Selection Day: I loved the brilliant dark wit of Aravind Adiga's The White Tiger when I read it earlier this year (review forthcoming), so I'm definitely excited for his follow-up!
Young and Damned and Fair: I love stories, both fiction and non, about Henry VIII and his wives. Anne Boleyn tends to be the one that gets the most attention, but they're all worthy of interest in their own right. This book examines Katherine Howard, his fifth wife, who is usually dismissed as very young and rather empty-headed, so I'm curious to see what the take is on her this time.
The Road to Jonestown: Cults- how they form and the personalities at the center of them- are fascinating to me. Jim Jones and the People's Temple are well-known enough, but I've never read a full book-length treatment about that situation and I'm desperately curious.
The Death and Life of the Great Lakes: You can take the lady out of Michigan, but you can't take Michigan out of the lady. I'm a sucker for anything Great Lakes.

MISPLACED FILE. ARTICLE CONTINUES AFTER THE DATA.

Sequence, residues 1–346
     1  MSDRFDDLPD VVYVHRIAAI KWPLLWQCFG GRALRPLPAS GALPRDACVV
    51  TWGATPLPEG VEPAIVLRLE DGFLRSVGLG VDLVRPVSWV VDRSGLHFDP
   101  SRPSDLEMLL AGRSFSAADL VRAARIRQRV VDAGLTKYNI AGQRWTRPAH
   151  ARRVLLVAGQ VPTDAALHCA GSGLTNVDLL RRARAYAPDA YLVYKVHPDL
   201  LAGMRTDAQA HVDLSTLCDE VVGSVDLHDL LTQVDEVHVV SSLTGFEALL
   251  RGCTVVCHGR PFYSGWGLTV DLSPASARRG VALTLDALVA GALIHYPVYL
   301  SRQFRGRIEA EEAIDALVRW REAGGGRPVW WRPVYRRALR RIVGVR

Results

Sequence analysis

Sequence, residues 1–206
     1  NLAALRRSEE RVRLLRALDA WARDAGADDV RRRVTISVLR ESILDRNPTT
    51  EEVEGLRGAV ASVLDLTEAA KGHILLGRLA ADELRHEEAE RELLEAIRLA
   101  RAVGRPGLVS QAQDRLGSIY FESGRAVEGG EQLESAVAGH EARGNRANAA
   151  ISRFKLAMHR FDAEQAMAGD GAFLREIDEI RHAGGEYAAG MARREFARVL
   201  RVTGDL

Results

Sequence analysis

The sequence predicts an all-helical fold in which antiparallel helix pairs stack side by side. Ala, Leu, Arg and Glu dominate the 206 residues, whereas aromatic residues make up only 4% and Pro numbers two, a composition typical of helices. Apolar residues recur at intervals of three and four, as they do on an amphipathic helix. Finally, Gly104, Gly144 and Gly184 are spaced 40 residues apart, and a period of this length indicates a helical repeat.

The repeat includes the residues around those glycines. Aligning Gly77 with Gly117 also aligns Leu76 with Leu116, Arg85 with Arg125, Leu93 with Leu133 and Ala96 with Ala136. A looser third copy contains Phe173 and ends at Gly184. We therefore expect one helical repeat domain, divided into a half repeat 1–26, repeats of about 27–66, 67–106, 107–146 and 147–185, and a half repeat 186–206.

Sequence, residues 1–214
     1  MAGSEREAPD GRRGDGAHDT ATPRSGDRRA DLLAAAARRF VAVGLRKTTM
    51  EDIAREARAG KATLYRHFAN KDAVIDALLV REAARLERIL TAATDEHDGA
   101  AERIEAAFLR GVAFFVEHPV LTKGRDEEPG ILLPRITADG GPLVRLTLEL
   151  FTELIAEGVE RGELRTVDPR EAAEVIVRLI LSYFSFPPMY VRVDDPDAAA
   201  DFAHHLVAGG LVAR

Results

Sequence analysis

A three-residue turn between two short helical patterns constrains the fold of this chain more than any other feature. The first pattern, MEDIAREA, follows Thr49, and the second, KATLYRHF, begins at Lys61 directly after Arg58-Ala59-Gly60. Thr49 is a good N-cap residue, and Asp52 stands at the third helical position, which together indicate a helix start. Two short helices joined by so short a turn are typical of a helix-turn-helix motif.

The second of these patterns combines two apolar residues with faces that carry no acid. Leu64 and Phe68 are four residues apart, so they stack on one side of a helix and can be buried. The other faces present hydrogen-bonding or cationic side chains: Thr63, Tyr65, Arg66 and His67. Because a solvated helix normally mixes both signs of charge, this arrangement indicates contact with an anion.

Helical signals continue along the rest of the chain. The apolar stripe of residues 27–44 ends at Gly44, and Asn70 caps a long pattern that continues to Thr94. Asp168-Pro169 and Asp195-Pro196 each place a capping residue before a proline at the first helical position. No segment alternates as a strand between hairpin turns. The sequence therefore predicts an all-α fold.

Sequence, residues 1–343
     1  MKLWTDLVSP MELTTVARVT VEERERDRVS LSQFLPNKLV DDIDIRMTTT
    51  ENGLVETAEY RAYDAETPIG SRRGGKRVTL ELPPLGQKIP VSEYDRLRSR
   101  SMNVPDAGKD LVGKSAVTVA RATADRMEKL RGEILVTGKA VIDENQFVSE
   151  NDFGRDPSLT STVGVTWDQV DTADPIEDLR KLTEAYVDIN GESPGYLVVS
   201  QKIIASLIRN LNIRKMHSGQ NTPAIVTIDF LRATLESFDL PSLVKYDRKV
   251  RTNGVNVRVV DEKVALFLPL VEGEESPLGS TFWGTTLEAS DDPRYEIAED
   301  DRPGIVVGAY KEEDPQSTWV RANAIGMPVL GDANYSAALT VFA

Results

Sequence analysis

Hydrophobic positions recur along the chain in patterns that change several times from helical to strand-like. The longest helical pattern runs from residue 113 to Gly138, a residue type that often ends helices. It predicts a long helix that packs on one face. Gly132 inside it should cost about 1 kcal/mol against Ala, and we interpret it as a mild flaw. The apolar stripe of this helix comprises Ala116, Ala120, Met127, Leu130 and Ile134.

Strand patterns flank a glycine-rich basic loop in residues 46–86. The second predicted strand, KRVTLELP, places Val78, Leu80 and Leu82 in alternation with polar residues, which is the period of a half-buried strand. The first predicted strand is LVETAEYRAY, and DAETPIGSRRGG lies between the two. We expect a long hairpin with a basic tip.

Nabokov's Favorite Word is Mauve: This is basically analytics applied to literature, so dorky interest one meets dorky interest two. Sold!
Four Princes: I've always enjoyed non-fiction about both royalty and general history. This one brings them together, focusing on the reigns of Henry VIII of England, Francis I of France, Holy Roman Emperor Charles V, and Ottoman ruler Suleiman, and how their actions and interactions have played out over time.
Our Little Racket: When you hear about pyramid schemes and other kinds of white collar crime, you always wonder (or at least I do) about the families. Did they know? Did they just turn the other way? This novel explores the ramifications of the downfall of a finance world bigwig on the women in his family, so I'm intrigued.
Different Class: I've always enjoyed a good boarding school novel, and Joanne Harris' Chocolate remains among my favorite books, so I'm looking forward to reading her take on it!
The Leavers: I've read a few articles fairly recently about Asian adoptees raised by white American parents and how they feel about their stories now that they're grown up. It's an interesting tension, and this novel promises to explore it.
In The Name of the Family: Medieval corrupt religious institutions are something I tend to like reading about, so the Borgias (who are the focus of this novel) are always compelling to me.